Add some water into the mixture until it is moist. The moisture is needed for decomposition. If the mixture becomes dry, the decomposition process will not be complete.
Continue adding other green materials for a good balance.
The carbon to green materials should be in a ratio of 4:1.
Once the bin is full, close it. As the decomposition process begins, the microbes will start to work. They will release heat and increase the temperature in the compost.
Insert a compost thermometer regularly to check the temperature of the compost. The temperature should be around 140 degrees for an effective decomposition.
It may begin to decline after 2 weeks.
Begin to turn the entire compost pile. Turning the compost pile allows for proper decomposition. It ensures that all the components reach the right temperature required to kill the pathogens and effectively decompose.
Also, turning it keeps oxygen moving through your pile. If you notice an odor coming from the compost heap, it means there’s too much moisture or not enough air getting to the pile, so adjust accordingly.
After several months the compost will stop heating up; this shows that decomposition is complete.
Next, cure the finished compost for some months to stabilize its pH and ensure that the decomposition process is complete.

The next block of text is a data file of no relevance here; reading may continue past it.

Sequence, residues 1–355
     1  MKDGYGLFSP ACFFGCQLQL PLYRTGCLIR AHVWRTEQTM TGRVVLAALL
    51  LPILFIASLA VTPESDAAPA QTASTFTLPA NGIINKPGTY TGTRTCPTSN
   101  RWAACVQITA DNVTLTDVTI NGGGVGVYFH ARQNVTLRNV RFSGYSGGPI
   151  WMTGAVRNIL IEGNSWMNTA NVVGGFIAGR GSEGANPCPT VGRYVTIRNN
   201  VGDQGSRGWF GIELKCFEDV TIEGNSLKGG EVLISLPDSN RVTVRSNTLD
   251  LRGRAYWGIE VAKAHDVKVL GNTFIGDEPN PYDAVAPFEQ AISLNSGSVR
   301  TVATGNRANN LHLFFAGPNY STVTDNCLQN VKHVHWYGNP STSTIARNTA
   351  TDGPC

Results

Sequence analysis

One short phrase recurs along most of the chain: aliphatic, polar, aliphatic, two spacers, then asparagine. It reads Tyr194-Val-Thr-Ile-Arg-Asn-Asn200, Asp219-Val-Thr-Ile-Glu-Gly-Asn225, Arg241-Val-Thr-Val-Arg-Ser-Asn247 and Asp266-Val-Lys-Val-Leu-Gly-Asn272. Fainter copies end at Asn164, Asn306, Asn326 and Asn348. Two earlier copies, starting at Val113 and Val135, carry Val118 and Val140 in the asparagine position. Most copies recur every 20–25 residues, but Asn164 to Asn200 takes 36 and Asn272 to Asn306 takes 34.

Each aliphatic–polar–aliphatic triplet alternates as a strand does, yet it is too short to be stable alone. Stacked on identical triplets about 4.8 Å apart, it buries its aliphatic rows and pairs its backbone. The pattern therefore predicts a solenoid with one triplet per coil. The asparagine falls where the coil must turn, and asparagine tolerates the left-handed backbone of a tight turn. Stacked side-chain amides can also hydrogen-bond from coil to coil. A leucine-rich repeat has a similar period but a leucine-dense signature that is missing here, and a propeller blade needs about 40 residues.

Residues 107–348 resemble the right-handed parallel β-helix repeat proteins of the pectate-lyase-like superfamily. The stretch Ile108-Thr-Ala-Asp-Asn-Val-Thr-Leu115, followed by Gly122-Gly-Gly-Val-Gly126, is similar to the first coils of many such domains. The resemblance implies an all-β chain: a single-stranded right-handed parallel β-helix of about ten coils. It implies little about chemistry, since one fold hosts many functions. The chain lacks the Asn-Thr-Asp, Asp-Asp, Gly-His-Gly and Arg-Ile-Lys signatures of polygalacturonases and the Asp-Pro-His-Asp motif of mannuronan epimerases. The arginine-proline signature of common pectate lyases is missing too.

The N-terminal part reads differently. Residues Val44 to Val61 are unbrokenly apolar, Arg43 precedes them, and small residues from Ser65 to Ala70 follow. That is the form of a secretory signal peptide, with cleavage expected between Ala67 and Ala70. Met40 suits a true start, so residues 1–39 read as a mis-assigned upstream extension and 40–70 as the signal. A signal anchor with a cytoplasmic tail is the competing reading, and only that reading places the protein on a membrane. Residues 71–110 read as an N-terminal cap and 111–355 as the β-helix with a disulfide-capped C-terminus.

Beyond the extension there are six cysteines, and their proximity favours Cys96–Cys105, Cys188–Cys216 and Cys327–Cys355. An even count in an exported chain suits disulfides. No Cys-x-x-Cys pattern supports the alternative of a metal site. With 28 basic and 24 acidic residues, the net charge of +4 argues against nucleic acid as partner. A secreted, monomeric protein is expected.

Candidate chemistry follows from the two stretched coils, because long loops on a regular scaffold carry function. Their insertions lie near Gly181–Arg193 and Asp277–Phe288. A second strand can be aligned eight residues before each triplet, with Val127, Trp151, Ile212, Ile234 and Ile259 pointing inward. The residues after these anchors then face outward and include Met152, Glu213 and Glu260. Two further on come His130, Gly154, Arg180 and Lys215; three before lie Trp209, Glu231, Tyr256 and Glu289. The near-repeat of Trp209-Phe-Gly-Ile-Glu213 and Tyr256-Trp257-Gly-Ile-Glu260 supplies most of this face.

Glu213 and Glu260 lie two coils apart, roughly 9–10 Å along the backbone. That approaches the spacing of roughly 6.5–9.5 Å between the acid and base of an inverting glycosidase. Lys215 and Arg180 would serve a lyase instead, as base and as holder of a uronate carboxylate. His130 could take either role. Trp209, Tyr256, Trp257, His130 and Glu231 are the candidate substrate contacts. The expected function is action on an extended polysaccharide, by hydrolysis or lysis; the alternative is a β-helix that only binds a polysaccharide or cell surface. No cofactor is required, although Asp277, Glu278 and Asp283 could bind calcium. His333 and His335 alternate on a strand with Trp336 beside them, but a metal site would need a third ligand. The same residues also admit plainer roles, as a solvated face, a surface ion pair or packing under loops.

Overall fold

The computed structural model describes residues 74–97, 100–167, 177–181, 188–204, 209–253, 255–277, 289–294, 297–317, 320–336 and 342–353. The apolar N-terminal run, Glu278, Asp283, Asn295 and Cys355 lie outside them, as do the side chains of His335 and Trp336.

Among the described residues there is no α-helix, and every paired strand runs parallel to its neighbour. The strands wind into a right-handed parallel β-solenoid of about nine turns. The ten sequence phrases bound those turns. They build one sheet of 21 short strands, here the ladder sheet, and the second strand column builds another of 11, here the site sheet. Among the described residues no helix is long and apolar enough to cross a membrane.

6 Expert Tips On Composting Dog Poops Effectively
To effectively compost your dog’s poops, stick to these guidelines:
1. Use Separate Compost for Pet Wastes
Only use the compost for ornamental plants such as flower beds, not plants you consume. Dog poops may have pathogens that are harmful to humans if consumed.
2. Ensure You Compost Your Dog Wastes Properly
The poor composting process can risk your health and even others around you.
It is good to plan by ensuring that you have the right dog waste composter and organic materials or organic wastes.
3. Avoid Dog Poops from Unhealthy or Unvaccinated Dogs
You should not use dog doos from dogs that show signs of illness.
4. Use a High-Temperature Composting Method
When you use a high-temperature composting method, the compost will have the needed temperature to kill pathogens and allow for full decomposition.
The most important rule is that dog poop must be “hot” (at least 140 degrees) to kill dangerous bacteria that may harm humans or other living things.
5. Mix Dog Poop with Carbon-Rich Materials
If you don’t, it may not decompose as quickly. Dog poop also needs to reach high temperatures for an extended period—the kind of heat and duration that typically can’t be reached without mixing it with carbon-rich material first—for it to break down effectively into usable compost.
6. Nitrogen Vs. Carbon-rich Materials
Most dog poop composts are made primarily of nitrogen-rich materials like leaves and grass clippings, which aren’t ideal for plant growth unless they’re balanced with plenty of carbon-based materials.
Adding straw or wood chips to your dog poop compost can help solve this issue—and if you have access to wood chips from a local sawmill, they may even work better than straw because they’re likely to be more naturally aged and therefore more nutrient-rich.